1

My function returns a setof composite type, however the RETURN EXECUTE seems to return some other unknown type:

create type core.search_result as (
  user_id uuid,
  country core.country,
  ethnicity core.ethnicity,
  is_smoker core.smoking_status,
  existing_conditions varchar[]
);

create or replace function core.search_samples(
  country core.country,
  ethnicity core.ethnicity,
  is_smoker core.smoking_status,
  existing_conditions varchar[]
) returns setof core.search_result as $$
  declare
   _where text;
   _sql text := '
     select (
       core.user.id,
       core.user.country,
       core.health_wellness.ethnicity,
       core.health_wellness.is_smoker,
       core.health_wellness.existing_conditions
     )::core.search_result
     from
       core.user
     join
       core.health_wellness
     on
       (core.user.id = core.health_wellness.user_id)';
    results core.search_result[];
  begin
    _where := concat_ws(
      ' AND ',
      CASE WHEN country IS NOT NULL THEN 'core.user.country = $1' END,
      CASE WHEN ethnicity IS NOT NULL THEN 'core.health_wellness.ethnicity = $2' END,
      CASE WHEN is_smoker IS NOT NULL THEN 'core.health_wellness.is_smoker = $3' END
    );
    raise notice '_where: %', _where;
    IF _where <> '' THEN
      _sql := _sql || ' WHERE ' || _where;
      return query EXECUTE _sql
      USING $1, $2, $3;
    end if;
    raise notice 'all input params null';
  end;
$$ language plpgsql stable;

When I try to run the function:

select core.search_samples('United Kingdom', null, null, null);

I get the following error:

NOTICE:  _where: core.user.country = $1
ERROR:  structure of query does not match function result type
DETAIL:  Returned type core.search_result does not match expected type uuid in column 1.
CONTEXT:  PL/pgSQL function core.search_samples(core.country,core.ethnicity,core.smoking_status,character varying[]) line 29 at RETURN QUERY
  • 1
    What data type is user.id? – a_horse_with_no_name Nov 19 '18 at 14:59
  • core.user.id is a uuid – Tim Nov 19 '18 at 19:26
  • Error message seems clear, have you tried to cast core.user.id::uuid? – McNets Nov 19 '18 at 19:54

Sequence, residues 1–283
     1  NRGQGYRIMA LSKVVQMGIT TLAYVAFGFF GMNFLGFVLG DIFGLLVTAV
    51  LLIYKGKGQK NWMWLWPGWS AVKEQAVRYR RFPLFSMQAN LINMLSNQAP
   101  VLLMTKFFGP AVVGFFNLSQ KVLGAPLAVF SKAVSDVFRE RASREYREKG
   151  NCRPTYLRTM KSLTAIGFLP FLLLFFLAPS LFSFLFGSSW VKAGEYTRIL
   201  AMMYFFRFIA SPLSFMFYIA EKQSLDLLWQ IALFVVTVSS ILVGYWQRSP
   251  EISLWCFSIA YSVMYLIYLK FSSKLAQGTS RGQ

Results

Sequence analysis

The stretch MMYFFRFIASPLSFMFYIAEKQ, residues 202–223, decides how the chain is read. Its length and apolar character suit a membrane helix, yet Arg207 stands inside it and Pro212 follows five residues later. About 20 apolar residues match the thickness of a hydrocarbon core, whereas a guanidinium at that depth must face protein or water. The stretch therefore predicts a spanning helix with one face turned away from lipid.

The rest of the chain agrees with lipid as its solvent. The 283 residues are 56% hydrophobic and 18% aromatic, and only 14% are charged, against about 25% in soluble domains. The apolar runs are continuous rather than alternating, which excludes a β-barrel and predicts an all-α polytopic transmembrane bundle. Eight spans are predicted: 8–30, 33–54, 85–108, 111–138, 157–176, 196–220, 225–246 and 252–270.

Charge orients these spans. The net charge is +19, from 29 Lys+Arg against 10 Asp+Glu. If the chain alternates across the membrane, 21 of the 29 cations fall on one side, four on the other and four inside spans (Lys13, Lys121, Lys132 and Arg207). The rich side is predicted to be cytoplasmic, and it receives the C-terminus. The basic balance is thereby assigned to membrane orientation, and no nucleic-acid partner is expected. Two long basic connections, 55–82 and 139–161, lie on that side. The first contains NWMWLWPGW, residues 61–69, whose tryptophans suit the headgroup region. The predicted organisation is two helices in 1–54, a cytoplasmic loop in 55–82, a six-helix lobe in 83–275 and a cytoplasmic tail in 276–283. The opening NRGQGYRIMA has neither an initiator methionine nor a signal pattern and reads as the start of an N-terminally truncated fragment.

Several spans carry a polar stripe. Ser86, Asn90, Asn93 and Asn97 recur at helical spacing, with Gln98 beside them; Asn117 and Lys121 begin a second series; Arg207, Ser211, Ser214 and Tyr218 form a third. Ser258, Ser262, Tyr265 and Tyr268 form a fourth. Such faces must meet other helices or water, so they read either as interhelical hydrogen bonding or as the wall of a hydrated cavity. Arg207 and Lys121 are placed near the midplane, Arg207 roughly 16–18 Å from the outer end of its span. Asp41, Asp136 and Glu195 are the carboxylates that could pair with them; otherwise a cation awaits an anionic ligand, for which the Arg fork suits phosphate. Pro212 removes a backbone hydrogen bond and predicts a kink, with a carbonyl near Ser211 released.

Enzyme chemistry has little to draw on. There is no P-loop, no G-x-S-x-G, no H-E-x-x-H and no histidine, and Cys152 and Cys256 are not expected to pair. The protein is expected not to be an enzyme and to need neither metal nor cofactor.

• @McNets: Seems clear. Even clearer after formatting. But there's still more to it. I added an answer. – Erwin Brandstetter Nov 20 '18 at 2:37
2

It's a mismatch of nesting levels.

The return type of the function is declared as:

returns setof core.search_result

core.search_result being the composite type you created earlier. This is equivalent to the more explicit declaration:

RETURNS TABLE (
  user_id uuid,
  country core.country,
  ethnicity core.ethnicity,
  is_smoker core.smoking_status,
  existing_conditions varchar[]
)

Then you return values with:

select (
       core.user.id,
       core.user.country,
       core.health_wellness.ethnicity,
       core.health_wellness.is_smoker,
       core.health_wellness.existing_conditions
     )::core.search_result
     from ...

... which would seem to make sense on a first glance. But the expression is exactly 1 column of type core.search_result, which Postgres tries to fit into the first column of the return type (user_id uuid). Hence the DETAIL information in your error message:

Returned type core.search_result does not match expected type uuid in column 1

You need to return 5 separate columns.

Just remove parentheses & cast:

select core.user.id,
       core.user.country,
       core.health_wellness.ethnicity,
       core.health_wellness.is_smoker,
       core.health_wellness.existing_conditions
     from ...

You may have to add casts to individual columns if data types don't match. One way to avoid that would be to cast the whole ROW type and decompose to separate columns again:

select ((
       core.user.id,
       core.user.country,
       core.health_wellness.ethnicity,
       core.health_wellness.is_smoker,
       core.health_wellness.existing_conditions
     )::core.search_result).*
     from ...

But I'd rather avoid that complication.


Aside:
Once you have fixed the exception, raise notice at the very end of your function is reached unconditionally and incorrect. RETURN QUERY ... does not end a function. Only RETURN; does. Rearrange to something like:

IF _where <> '' THEN
  _sql := _sql || ' WHERE ' || _where;
  return query EXECUTE _sql
  USING $1, $2, $3;
ELSE                                     -- !!    
  raise notice 'all input params null';  -- !!
END IF;

Details:

  • Thanks for the explanation, this really helped me learn something about postgres – Tim Nov 20 '18 at 11:58

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